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Kegels and the pelvic floor

Why Kegels Are the Key to Greater Sexual Pleasure – for Everybody

Published: DECEMBER 5, 2016 | Updated: JUNE 30, 2022
Regardless of sex, age, gender or sexual orientation, strong Kegel muscles can make for bigger, better and more frequent orgasms, not to mention better overall health.

There's a common misconception that Kegels are just for women, and particularly for postpartum recovery. While Kegel exercises are an essential part of the after-baby recovery, they're no less important for everyone else, regardless of sex, age, orientation, or the type of sex and practices they engage in. Even if you never want to get pregnant or have a child, your PC muscle still plays a huge role in your well-being and sexual health.

Everyone Has a PC Muscle

The pubococcygeus muscle, commonly referred to as the PC muscle or the pelvic floor, is a something that both sexes share (as well as intersex folks). It contracts during orgasm and it’s responsible for bladder control and urination. It's connected to several other muscle groups, such as the perineal muscles and the pulbospongiosus muscle. All of these work together and can be voluntarily contracted and exercised.How Do Kegels Contribute to Sexual Pleasure?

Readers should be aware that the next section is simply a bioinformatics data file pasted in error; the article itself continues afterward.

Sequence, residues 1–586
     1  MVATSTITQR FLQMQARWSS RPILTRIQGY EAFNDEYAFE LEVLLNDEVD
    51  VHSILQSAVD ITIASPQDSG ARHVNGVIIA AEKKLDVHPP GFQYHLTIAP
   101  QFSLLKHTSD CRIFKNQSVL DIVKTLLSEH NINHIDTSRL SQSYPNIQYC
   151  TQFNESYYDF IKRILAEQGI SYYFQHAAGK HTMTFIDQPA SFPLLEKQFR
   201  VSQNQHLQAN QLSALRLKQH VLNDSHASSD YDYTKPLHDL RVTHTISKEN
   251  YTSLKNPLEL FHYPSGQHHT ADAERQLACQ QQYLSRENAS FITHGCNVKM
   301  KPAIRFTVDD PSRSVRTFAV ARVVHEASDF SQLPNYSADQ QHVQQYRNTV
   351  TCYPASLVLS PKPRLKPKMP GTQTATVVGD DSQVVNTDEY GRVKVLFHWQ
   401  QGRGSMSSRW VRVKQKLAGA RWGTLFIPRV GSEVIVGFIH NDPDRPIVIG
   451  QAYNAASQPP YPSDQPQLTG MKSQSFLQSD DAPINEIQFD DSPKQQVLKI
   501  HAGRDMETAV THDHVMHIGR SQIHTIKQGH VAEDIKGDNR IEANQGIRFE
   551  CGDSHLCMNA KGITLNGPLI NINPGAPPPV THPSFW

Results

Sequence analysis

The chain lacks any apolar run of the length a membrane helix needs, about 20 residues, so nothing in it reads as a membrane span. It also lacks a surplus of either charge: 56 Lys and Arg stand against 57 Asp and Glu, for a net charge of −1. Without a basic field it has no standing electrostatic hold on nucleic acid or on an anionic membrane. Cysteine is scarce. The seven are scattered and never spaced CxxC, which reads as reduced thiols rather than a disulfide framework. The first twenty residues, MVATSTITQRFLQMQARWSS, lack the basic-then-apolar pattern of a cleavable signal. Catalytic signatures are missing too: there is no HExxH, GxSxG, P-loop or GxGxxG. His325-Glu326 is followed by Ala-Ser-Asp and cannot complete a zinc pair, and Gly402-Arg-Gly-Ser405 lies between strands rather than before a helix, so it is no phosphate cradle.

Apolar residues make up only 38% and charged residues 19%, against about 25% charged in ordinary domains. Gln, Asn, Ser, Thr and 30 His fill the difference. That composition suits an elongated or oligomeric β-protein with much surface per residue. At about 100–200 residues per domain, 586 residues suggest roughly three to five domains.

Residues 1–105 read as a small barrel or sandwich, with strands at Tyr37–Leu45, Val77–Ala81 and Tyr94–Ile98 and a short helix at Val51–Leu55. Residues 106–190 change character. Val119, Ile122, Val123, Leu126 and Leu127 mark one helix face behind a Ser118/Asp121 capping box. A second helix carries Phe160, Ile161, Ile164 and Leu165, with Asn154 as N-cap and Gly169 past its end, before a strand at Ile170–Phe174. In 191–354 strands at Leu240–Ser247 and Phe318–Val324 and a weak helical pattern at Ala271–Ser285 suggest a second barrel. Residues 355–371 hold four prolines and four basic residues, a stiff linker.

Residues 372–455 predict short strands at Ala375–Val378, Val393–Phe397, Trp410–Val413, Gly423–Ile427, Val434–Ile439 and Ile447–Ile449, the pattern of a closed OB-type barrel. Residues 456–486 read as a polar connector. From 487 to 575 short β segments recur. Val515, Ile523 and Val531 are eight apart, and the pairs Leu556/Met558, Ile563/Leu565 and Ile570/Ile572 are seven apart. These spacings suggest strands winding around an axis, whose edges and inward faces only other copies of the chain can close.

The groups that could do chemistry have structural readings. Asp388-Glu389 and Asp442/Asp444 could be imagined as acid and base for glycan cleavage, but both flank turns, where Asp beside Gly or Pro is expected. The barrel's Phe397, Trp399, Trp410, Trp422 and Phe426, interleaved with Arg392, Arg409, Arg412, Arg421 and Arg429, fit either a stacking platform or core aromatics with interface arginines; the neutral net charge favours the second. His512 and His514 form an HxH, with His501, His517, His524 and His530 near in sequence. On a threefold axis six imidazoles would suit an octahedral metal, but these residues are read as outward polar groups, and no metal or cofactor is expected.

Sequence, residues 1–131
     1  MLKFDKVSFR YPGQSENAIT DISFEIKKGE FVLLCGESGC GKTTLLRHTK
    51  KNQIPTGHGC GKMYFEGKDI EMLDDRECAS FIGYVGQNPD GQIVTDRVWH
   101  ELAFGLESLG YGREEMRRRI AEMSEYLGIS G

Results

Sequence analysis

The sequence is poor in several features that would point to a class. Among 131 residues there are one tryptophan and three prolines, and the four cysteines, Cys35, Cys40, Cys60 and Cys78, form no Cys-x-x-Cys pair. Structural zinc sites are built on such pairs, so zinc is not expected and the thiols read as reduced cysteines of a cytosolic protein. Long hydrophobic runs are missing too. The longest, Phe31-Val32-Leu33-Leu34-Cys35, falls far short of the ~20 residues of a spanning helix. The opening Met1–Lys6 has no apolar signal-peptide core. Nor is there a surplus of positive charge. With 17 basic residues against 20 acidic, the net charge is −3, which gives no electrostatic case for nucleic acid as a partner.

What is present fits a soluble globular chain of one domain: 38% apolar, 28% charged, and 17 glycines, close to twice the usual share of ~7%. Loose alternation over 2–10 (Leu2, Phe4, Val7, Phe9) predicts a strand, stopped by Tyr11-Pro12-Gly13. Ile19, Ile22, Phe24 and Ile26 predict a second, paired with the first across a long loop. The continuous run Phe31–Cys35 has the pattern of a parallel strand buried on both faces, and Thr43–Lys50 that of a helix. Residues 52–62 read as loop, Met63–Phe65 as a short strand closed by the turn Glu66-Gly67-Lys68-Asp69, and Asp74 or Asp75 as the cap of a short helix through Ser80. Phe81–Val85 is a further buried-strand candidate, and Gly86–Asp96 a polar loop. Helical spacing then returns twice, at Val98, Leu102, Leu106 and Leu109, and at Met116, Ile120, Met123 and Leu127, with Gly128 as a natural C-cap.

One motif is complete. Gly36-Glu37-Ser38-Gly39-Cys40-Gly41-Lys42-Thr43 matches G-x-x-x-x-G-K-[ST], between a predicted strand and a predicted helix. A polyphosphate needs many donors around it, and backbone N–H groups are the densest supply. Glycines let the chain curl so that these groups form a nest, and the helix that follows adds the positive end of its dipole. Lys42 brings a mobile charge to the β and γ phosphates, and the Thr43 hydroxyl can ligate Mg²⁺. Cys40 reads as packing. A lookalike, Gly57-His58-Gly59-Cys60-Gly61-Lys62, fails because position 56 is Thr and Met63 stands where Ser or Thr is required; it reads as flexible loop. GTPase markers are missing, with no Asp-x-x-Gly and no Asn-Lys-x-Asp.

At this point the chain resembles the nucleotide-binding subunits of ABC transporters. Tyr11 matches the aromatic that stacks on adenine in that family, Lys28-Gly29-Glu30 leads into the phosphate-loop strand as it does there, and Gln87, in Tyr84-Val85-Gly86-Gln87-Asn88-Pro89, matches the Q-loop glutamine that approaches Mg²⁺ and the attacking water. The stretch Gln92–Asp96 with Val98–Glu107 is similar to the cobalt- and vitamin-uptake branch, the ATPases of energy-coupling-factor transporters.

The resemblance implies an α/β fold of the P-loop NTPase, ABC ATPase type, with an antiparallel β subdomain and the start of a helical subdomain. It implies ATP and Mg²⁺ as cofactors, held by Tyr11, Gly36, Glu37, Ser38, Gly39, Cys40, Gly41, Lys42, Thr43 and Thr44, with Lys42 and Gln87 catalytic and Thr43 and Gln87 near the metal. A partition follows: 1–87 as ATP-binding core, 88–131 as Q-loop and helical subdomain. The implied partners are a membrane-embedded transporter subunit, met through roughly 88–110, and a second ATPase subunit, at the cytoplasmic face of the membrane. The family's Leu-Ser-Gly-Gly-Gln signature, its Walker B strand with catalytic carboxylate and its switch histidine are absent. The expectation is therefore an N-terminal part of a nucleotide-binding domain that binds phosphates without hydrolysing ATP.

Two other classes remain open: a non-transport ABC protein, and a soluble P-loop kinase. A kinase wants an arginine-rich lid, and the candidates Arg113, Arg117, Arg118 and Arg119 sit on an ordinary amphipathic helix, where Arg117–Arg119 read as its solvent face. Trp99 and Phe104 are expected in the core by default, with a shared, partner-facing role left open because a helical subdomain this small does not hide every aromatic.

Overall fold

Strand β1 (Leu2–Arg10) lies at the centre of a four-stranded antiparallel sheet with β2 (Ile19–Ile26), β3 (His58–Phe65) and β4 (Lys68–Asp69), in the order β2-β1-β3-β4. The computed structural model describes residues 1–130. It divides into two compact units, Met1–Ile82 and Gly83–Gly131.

Kegel exercises, commonly referred to as Kegels, tone up all of the muscles that play a role in sexual response, orgasm and the ability to enjoy sex. The reason why many women find it difficult to climax is because their muscles cannot contract as fast and as many times as needed for achieving an orgasm. Regular exercise trains your body to respond faster, and helps maintain better circulation in the genital area. Regularly doing your Kegels results in less time to get sufficiently aroused in both women and men. Toned up pelvic floor muscles are also responsible for more reliable, stronger, and longer-lasting erections in men. Pelvic floor training can also help with premature ejaculation.

Among other health benefits that result from stronger pelvic floor muscles are prevention of uterine prolapse or pelvic floor prolapse as a result of aging or after pregnancy; help with urinary incontinence or involuntary urination in both sexes; and better prostate health in men.

How to Do Your Kegels